Why a Telephone Call?
At times it is necessary to reach a decision-maker quickly, particularly if they are about to make an important decision or if an urgent issue has come up that requires immediate action. That’s the time to make a telephone call. You may not be able to speak directly to the decision-maker, but if the issue is urgent, your call will often have an impact.
If you are calling a political representative (MP, MPP, city councillor), be sure to tell them where you live. This identifies you as their constituent, which means that they are in government to represent you. They are interested in hearing from their constituents.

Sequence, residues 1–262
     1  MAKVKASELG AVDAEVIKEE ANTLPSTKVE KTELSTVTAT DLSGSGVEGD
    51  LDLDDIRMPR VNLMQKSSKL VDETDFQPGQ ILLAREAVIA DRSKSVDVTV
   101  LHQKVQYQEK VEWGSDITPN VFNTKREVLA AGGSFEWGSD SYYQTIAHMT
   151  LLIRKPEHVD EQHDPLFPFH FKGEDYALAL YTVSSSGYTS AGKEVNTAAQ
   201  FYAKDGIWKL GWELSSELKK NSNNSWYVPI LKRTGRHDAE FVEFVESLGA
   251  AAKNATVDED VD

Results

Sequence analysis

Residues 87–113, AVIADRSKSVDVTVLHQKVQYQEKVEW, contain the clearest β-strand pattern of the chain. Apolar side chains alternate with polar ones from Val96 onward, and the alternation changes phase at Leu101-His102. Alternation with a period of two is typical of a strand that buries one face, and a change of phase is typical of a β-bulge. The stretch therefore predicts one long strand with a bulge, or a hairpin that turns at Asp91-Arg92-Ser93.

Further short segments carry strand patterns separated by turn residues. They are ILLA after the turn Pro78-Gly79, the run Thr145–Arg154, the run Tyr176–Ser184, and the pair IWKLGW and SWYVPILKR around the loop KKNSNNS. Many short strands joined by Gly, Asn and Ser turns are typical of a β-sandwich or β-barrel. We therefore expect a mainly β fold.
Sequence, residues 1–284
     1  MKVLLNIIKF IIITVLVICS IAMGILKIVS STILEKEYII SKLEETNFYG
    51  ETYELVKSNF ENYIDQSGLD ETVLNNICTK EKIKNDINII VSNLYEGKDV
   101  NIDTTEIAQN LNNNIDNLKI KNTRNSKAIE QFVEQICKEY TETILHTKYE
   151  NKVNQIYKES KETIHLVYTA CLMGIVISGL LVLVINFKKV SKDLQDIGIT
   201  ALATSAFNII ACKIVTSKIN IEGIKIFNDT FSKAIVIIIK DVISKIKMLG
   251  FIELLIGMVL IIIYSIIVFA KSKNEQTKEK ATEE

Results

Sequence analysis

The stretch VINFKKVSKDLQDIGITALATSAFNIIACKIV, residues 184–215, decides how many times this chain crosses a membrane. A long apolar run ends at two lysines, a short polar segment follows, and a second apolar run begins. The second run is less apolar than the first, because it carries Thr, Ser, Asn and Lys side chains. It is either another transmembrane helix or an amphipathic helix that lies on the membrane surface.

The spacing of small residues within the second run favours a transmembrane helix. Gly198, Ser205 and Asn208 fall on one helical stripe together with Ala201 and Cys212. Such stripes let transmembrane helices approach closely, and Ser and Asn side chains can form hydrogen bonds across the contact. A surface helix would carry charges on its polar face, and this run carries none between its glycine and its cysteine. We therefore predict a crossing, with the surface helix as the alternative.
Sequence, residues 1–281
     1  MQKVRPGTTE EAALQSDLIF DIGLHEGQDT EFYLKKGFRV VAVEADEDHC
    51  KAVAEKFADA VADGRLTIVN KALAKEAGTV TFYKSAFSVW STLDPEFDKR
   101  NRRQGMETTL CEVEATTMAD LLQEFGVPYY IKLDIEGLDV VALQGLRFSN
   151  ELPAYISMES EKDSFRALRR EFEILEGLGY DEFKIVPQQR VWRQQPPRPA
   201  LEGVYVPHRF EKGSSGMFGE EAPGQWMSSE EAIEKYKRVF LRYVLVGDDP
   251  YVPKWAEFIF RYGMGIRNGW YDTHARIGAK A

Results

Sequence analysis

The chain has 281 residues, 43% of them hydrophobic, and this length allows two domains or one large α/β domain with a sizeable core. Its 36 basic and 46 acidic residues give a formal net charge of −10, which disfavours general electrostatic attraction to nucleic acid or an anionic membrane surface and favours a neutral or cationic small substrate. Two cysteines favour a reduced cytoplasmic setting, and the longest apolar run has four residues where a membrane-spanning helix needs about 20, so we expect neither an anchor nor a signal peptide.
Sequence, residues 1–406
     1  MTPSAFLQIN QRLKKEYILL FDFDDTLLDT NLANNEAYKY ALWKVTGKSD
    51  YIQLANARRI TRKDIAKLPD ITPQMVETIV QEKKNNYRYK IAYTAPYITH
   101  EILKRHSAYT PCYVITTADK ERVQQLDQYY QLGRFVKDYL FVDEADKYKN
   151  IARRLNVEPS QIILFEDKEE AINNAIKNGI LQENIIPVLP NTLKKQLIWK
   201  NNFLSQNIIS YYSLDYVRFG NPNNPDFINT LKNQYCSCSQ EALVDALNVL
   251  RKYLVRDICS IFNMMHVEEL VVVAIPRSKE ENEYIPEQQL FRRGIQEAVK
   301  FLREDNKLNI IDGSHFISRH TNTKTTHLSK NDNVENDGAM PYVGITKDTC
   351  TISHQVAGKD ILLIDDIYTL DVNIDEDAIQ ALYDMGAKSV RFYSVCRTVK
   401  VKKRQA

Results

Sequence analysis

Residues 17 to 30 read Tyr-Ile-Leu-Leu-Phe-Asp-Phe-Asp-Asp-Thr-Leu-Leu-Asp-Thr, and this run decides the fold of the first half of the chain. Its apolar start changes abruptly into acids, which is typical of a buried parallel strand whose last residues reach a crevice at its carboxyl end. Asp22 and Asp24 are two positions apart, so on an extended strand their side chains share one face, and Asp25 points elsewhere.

What to Say
Always limit your telephone call to one subject. Be brief and be specific. Let the decision-maker or the staff person you are speaking to know why you’re calling, stating the action you would like the decision-maker to take on the issue, and asking where the decision-maker stands on the issue.
Regardless of where the decision-maker stands on an issue, be courteous. If the decision-maker does not support your issue, let him or her know you’re disappointed. If the office does not know officially where the decision-maker stands on the issue, be sure to ask for a written response.